CHORUS 3
Feed the children, bake the bread.

CHORUS 1
Shear the sheep and spin the wool.

CHORUS 2
Stook the hay and grind the oats.

CHORUS 3
Dig the crops, salt the fish.

The Cast repeat the lines from Feed the children...', working on. The Chorus pauses, weary but proud of their work. Maggie works on. Tammy approaches her.

TAMMY
Lass, take a rest now.

Maggie lets him lead her aside, sits down. She moves like a sleepwalker. The others look at her, concerned.

ELIZABETH
Six months.

TAMAR
She should be getting over it by now.

HAKKI
We don't know for certain that he's gone. He just didn't turn up when the ship was leaving.

TAMAR
He could have taken another ship.

HAKKI
The law says to wait seven years.

ELIZABETH
She can't go on like this for seven years. [She goes over to her.] Maggie, lass ...

The face that looks up at her is blank

MAGGIE
Yes, Mam?

TAMAR
We're having a bit of a party tonight, in our barn. Will you come?

Maggie shakes her head, mutely.

HAKKI
You could dance with me... why not?

Maggie shakes her head.

TAMAR
You could come along at least, and listen to the music. Would you not like that?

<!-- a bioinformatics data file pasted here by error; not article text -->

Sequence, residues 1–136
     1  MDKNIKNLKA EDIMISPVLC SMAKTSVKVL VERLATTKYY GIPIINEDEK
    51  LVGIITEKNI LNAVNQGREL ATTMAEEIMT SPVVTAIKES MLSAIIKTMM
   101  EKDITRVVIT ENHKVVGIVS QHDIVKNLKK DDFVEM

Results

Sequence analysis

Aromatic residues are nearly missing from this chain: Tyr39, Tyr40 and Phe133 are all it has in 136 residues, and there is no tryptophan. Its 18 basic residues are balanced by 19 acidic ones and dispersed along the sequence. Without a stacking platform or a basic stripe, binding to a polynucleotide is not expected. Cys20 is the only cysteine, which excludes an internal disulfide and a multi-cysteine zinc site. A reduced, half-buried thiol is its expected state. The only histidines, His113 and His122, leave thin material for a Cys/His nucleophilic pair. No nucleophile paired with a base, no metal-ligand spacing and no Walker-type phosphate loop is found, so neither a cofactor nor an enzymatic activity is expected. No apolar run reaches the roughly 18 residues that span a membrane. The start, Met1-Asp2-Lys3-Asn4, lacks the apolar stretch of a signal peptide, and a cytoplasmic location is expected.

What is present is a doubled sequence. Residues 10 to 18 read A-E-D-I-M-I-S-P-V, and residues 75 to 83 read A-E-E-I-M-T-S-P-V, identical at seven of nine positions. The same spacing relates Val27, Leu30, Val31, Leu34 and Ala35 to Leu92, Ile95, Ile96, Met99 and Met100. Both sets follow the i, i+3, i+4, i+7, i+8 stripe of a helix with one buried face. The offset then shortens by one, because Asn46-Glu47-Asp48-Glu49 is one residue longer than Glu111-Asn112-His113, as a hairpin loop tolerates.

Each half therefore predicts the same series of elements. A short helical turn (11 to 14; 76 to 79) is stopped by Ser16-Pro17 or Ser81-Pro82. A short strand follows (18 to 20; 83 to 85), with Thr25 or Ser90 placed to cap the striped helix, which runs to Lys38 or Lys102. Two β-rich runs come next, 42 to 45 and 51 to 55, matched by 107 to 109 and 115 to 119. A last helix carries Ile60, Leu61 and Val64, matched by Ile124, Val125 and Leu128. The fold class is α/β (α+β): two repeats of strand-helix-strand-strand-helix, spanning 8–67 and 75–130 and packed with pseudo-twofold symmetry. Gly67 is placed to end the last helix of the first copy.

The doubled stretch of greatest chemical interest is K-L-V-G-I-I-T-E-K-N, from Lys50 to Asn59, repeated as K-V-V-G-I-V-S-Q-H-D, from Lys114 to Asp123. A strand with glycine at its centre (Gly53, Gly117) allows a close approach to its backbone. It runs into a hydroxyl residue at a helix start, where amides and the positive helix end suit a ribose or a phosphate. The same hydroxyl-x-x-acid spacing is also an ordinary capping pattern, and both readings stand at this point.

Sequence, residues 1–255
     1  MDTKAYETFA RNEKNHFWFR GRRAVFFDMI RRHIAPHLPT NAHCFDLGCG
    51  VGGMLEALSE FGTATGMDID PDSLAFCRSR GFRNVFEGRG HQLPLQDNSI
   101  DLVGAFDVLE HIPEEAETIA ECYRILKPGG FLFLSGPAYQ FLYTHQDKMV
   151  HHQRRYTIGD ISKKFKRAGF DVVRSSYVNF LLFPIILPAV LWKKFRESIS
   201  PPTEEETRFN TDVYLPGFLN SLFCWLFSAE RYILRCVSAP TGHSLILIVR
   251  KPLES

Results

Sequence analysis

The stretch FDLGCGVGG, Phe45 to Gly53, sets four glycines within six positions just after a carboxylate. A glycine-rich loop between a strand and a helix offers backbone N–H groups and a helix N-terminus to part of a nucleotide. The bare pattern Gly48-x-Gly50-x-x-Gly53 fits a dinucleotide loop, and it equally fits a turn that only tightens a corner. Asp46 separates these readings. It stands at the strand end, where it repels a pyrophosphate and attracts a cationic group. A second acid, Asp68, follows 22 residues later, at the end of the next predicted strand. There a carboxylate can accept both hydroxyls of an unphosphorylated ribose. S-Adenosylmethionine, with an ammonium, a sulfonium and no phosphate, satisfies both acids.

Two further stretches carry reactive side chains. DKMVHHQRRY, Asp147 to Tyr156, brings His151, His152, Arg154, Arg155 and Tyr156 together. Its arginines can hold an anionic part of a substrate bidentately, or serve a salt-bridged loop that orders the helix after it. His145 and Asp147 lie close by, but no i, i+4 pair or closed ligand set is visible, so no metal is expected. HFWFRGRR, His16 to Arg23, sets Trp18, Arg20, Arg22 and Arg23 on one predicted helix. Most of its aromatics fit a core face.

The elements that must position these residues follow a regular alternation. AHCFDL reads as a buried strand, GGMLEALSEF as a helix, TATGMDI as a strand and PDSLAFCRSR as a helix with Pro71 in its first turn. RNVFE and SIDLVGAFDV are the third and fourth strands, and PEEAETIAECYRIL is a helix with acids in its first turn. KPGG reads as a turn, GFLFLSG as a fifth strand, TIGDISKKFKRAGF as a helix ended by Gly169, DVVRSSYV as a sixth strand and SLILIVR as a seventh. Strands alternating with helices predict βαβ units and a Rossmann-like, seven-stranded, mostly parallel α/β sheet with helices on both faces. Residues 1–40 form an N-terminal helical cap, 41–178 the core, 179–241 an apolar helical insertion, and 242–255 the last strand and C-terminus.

HAKKI
You used to enjoy listening to music.

Maggie shakes her head, rises, begins working again. Freeze,

The sound of then sea. The cast goes back, watching. Maggie comes forward, looking out. Behind her, the cast speak.

ELIZABETH
A year now. She does this every night. Watches the sea, as if she expects it to bring him back.

Maggie begins pacing, slowly at first, then with energy, as if seeking to escape.

TAMAR
Pacing the beach, up and down.

HAKKI
Two years.

Extract 3

MAGGIE stopping, a little self-consciously. She turns and looks at him
Oh, Hakki, I envy you!

HAKKI
Why?

MAGGIE
You can escape. I can't. At first I was just numb. I didn't feel anything. How the whole world hurts so much I can't bear it. I want to get away from here, away from everything that reminds me of...

HAKKI
Lass...

MAGGIE
The whole village is filled with him. I can see him walking over that hillock, or mending his nets on that stone. That road there - that was my last sight of him.

HAKKI
Maggie, you mustn't keep brooding over the past.

MAGGIE